Assembly System Needs Review
by Christina Lin on Friday, February 7th, 2014
On Wednesday mornings, Milton students often greet each other with “Which assembly are you going to?” In the first week back from winter break, the student body was, as usual, given a choice: Improv assembly or GASP assembly.
Many complained that the Improv assembly and GASP assembly were put together on the same day. While there were plenty of students who expressed interest in learning more about LGBT issues, the majority opted for the humor of the Improv assembly. Ironically, while one group listened to very serious and moving stories that had a necessary message, another laughed hysterically just across the street at an assembly that perennially attracts crowds. The general tones of these two assemblies were drastically opposite; yet, students were told to choose between a heavy, meaningful speech and a lighter, more relaxing show.
It is hard to put the blame on one person for this odd arrangement. Rather than criticizing an individual— in this case, Ms. WuWong, who is in charge of scheduling assemblies— we should acknowledge the complexity behind this task.
With that said, I believe that the problem lies in the current assembly system. Frankly, some assemblies don’t interest students as much as others. Often, students walk out of second period Wednesday assemblies, never again to consider the presented topics, purely out of disinterest. In contrast, there are many assemblies, such as Improv, that almost all students hope to attend. In order to allow students to see the assemblies they want to, Milton should put in place an assembly ranking system. At the beginning of the year, the administration could organize an online poll with each speaker listed out. With the option to read about the topic or watch a clip of the speakers’ previous speeches, students could number these assemblies based on their interest. Using this information, the administration could organize the assembly schedule according the students’ desires: the most popular would be all-school assemblies, and the ones with lower rankings would share a timeslot.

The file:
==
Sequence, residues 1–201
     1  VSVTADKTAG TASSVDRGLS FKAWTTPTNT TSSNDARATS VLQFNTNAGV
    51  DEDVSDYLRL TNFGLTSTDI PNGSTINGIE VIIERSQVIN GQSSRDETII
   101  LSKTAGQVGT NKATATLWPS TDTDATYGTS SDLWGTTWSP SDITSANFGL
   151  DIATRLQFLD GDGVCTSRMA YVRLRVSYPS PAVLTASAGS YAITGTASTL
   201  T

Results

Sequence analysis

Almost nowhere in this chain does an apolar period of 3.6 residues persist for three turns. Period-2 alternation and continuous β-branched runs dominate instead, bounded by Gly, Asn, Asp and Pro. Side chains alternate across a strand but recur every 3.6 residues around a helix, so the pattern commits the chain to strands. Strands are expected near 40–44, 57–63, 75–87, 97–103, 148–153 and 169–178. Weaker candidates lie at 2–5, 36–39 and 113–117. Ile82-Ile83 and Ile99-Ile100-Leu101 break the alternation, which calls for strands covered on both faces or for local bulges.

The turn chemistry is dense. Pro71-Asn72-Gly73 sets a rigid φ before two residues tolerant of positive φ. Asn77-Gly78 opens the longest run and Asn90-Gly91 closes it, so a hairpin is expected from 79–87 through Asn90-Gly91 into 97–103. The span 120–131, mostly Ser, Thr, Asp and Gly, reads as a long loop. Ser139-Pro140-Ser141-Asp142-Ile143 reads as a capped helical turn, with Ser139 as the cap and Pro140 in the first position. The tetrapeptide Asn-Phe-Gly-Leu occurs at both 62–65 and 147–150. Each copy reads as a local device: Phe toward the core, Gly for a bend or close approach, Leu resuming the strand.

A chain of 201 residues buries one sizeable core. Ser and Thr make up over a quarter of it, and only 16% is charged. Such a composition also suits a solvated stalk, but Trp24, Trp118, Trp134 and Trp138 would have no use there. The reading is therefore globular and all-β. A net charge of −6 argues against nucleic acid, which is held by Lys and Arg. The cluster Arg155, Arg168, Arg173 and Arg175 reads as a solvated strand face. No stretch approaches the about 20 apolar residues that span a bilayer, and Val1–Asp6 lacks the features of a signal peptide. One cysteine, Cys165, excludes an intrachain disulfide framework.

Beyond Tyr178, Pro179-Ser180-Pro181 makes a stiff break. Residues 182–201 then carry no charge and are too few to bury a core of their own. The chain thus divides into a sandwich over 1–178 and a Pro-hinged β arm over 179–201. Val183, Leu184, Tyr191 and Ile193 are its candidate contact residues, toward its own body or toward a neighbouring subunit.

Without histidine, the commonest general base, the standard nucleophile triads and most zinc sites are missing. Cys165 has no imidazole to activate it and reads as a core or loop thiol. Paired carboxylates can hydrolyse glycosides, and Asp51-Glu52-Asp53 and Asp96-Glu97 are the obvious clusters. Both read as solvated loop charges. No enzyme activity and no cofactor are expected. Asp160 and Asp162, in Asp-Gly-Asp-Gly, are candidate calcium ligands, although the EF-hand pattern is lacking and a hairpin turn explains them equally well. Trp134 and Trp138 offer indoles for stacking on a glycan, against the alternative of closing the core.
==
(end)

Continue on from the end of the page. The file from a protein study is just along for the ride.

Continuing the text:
Although I believe that this system would have the desired effect, the administration should first and foremost make a greater effort to rethink its assembly pairings. In the case of the Improv and GASP assemblies, the combination was strange, if not inappropriate. By putting these two assemblies on the same day— one crucial and another trivial— Milton insinuated that these two assemblies were equal, thus diminishing the importance of LGBT issues. Assemblies on the same day do not necessarily need to have similar topics, but the choices at hand certainly should not be as disparate as GASP and Improv. Assemblies provide a crucial time for students to learn more about a certain topic or issue, opening up discussions we might have ordinarily have. Why not give students more power over these important periods?
Short URL: http://miltonmeasure.org/?p=5662